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  1. #1
    Senior Member straight_up's Avatar
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    Does the Prototype JS library add ".prototype" objects as members of a lot of objects? I saw some JS code in the wild and wasn't sure if that meant they were using Prototype (they didn't include prototype.js or anything obvious).
    I am Alan Hogan (@alanhogan on Twitter). I like PHP, UI/UX design, and OS X.

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  3. #2
    WDF Staff smoseley's Avatar
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    The term "prototype" is the Javascript pseudo-equivalent to "class" in Java. It's used to represent the class model, archetype. or "prototype" if you will.

    It's not related to the "Prototype" library... conversely, the library's name is derived from the syntax. Kind of ambiguous if you ask me... it's like me creating a Java library called "Class".

  4. #3
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    The Prototype JS library is named after the prototype property, rather than the other way around, in the sense that it modifies the prototypes of many default objects (such as Element and Array) to add new functions to them.

    You should look into prototype-based OO to see what it means. Basically, OO based on prototypes is based on cloning prototypical objects that contain the properties you want in your actual objects. Typically inheritance is implemented by a prototype `chain', whereby a prototype's prototype is where it delegates things that it can't find itself. There's a lot of research in this area, and there are both older Prototype-based languages (like Self) and newer ones (like Io). It's a pretty neat concept, though very alien to the class-based way of looking at OO.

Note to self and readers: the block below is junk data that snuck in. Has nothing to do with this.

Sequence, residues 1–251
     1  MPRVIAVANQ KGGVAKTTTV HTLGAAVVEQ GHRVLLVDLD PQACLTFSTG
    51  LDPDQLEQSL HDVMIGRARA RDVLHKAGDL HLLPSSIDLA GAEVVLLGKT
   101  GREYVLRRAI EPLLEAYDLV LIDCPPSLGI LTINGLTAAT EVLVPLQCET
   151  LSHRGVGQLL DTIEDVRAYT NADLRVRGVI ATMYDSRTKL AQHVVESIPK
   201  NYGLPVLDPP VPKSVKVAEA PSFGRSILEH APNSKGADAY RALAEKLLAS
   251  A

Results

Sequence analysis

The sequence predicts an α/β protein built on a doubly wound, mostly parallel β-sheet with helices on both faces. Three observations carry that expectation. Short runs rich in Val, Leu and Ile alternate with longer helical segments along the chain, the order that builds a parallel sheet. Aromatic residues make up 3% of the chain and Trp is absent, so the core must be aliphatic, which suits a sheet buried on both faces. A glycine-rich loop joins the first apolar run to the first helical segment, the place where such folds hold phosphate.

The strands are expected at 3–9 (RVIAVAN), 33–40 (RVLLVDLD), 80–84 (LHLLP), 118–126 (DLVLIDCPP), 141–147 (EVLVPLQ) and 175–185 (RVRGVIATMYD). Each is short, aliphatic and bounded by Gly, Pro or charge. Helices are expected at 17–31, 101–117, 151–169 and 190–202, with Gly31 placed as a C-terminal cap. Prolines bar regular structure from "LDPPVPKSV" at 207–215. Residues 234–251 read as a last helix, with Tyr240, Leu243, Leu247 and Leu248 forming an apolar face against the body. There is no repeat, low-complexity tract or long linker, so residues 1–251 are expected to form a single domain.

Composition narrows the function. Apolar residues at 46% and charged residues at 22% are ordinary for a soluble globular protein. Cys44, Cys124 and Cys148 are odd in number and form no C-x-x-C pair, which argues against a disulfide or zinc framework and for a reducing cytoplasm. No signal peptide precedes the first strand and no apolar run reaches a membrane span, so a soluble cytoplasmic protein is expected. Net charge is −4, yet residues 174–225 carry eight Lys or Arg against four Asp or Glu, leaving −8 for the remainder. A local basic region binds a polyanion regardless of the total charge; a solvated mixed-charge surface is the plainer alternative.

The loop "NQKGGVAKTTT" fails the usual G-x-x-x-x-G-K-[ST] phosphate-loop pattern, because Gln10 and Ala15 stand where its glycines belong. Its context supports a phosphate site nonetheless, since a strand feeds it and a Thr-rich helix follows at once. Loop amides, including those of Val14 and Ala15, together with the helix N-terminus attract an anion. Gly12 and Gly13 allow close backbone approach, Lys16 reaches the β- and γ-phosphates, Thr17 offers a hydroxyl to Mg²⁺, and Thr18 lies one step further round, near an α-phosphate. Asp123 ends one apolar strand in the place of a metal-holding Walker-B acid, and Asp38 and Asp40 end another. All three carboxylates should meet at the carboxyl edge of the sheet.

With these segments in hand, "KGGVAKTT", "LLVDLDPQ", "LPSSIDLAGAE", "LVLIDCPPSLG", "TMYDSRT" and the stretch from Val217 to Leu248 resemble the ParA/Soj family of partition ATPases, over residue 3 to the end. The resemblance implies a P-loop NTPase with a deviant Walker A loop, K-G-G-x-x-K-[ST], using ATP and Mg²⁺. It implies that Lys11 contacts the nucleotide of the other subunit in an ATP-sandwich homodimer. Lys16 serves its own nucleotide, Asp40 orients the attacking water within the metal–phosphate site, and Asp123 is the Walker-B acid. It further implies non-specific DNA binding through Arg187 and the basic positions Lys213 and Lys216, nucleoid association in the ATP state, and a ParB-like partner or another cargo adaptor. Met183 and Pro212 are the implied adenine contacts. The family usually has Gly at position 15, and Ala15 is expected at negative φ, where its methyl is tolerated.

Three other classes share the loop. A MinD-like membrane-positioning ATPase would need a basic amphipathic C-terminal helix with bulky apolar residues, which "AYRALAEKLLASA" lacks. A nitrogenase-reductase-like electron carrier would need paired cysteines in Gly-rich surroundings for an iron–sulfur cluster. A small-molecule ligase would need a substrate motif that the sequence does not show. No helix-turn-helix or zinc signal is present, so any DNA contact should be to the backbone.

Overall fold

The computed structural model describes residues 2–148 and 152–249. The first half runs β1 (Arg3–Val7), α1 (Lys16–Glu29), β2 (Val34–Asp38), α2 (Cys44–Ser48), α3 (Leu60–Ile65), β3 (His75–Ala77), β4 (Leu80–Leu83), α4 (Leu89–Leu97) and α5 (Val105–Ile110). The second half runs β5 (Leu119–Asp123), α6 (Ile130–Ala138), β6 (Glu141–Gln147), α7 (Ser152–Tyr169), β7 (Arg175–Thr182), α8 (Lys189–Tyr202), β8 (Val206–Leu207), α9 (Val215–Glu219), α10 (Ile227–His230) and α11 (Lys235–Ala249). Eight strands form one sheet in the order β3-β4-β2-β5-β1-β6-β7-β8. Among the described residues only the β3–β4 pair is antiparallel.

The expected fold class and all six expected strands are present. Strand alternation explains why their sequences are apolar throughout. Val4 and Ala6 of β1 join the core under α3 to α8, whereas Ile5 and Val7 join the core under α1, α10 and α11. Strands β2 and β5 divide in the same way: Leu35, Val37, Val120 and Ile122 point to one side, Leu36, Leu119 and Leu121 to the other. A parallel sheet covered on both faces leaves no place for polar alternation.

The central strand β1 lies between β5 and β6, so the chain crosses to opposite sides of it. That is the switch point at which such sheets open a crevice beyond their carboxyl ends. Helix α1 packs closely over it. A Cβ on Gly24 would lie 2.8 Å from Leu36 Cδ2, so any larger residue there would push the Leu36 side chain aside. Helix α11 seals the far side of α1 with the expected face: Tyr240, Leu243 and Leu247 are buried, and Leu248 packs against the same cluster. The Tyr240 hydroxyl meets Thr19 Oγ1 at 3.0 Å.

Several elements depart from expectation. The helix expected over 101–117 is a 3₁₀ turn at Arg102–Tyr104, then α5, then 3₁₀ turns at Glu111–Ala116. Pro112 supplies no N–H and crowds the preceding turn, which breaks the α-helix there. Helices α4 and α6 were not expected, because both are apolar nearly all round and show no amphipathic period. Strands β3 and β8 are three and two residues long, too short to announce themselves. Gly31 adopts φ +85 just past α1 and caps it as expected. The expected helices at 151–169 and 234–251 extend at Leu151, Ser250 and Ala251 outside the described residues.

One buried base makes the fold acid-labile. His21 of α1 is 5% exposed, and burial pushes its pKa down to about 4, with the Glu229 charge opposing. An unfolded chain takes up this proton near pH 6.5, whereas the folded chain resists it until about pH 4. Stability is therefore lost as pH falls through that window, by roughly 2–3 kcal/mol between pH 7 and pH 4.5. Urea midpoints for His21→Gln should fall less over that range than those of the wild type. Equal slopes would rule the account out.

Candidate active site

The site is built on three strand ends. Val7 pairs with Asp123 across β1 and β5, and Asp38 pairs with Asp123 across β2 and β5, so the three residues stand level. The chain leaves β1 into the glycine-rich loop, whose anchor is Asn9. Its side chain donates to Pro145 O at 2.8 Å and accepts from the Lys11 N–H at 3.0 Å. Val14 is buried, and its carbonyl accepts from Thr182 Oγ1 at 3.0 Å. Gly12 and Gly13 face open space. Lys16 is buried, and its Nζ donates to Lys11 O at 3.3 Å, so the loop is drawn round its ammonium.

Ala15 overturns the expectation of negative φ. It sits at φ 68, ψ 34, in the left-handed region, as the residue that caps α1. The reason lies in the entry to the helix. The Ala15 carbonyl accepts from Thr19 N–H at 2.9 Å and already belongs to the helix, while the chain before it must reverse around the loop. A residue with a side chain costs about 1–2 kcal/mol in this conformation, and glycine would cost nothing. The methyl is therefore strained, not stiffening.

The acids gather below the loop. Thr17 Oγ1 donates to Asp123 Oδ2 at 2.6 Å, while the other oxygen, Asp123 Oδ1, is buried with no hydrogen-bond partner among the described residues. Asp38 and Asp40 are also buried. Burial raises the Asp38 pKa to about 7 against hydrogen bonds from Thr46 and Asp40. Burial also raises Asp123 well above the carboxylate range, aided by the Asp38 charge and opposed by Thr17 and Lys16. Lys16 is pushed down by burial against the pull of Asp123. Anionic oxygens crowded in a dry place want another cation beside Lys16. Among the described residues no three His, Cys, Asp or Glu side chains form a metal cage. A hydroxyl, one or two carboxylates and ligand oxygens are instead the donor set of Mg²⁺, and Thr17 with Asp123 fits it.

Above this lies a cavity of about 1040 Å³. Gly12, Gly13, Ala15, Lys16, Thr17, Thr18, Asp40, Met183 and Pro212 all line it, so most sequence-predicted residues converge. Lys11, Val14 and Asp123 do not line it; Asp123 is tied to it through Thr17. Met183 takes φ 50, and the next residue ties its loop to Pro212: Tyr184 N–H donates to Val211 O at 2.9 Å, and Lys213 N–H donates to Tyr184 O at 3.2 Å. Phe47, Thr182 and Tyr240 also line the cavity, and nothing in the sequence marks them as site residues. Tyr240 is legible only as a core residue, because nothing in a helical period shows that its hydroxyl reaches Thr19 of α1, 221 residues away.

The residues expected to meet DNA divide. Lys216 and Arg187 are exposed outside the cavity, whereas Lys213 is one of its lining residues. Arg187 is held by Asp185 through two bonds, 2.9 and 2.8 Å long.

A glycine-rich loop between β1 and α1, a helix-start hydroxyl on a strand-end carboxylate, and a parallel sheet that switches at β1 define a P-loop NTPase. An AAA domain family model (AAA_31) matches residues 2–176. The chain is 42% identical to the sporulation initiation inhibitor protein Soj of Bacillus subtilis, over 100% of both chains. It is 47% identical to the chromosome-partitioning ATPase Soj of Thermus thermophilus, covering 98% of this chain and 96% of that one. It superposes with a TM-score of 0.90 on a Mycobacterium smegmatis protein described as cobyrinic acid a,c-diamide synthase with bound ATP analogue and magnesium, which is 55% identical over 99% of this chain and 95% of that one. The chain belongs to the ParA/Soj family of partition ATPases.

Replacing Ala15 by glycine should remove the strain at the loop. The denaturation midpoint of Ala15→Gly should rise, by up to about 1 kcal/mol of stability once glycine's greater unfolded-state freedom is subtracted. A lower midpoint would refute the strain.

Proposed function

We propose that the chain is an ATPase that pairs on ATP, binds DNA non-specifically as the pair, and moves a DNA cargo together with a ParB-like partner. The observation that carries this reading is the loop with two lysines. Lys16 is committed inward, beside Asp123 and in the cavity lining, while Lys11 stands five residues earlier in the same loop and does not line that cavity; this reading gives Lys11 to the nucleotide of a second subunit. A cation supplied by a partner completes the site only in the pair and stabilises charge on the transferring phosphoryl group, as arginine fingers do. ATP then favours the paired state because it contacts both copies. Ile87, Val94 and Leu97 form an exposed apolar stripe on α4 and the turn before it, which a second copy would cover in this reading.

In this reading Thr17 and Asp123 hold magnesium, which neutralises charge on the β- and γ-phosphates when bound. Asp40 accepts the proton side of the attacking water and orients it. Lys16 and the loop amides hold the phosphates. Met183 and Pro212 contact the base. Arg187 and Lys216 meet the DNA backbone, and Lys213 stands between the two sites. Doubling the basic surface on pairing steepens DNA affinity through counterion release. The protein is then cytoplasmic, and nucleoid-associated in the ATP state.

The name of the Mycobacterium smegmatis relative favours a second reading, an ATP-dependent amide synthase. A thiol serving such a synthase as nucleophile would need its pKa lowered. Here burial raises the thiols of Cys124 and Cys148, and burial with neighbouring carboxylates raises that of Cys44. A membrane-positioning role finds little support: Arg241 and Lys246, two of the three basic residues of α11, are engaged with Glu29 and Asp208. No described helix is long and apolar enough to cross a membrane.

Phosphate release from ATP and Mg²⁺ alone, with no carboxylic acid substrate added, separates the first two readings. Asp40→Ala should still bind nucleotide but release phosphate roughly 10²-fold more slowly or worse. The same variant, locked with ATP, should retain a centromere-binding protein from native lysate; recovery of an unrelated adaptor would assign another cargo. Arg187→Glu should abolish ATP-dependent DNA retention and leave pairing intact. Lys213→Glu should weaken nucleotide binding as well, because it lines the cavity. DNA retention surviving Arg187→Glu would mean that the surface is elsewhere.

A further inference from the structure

Typically the way to define a class in the appropriate way in Javascript is to do something of this type:

    Code:
    var MyClass = new Function();
    MyClass.prototype =
    {
      prop: 'test',
      method: function() {
        return "hello!";
      }
    };
    
    var test = new MyClass();
    test.prop; // => 'test'
    test.method; // => Function object
    test.method(); // => "hello!"
    You make MyClass a function so that it basically becomes the constructor, and then you assign its prototype, which will get cloned into new objects. However, JavaScript uses something called `differential inheritance'. In essence, this means that only differences between the current object and its prototype are kept track of. Above, we can then do:

    Code:
    MyClass.prototype.prop = 'magic!';
    test.prop; // => 'magic!', since test has no prop property and so it is delegated to the prototype
    test.prop = 'w00t';
    MyClass.prototype.prop; // => 'magic!'
    test.prop; // => 'w00t'
    MyClass.prototype.prop = 'nice';
    test.prop // => 'w00t'
    Thus, we can keep updating the default values of the variables until we override the prototype's values with values local to our object.

    To create a subclass of MyClass, we can do the following:

    Code:
    var SubClass = new Function();
    SubClass.prototype = new MyClass();
    SubClass.prototype.newProp = newProp: 'mmmm';
    SubClass.prototype.newFn = function() { return 'go away'; }
    
    sub = new SubClass();
    sub.prop; // => 'nice'
    sub.newFn; // => Function
    sub.newFn(); // => 'go away'
    sub.newProp; // => 'mmm'
    
    SubClass.prototype.prop = 'overridden';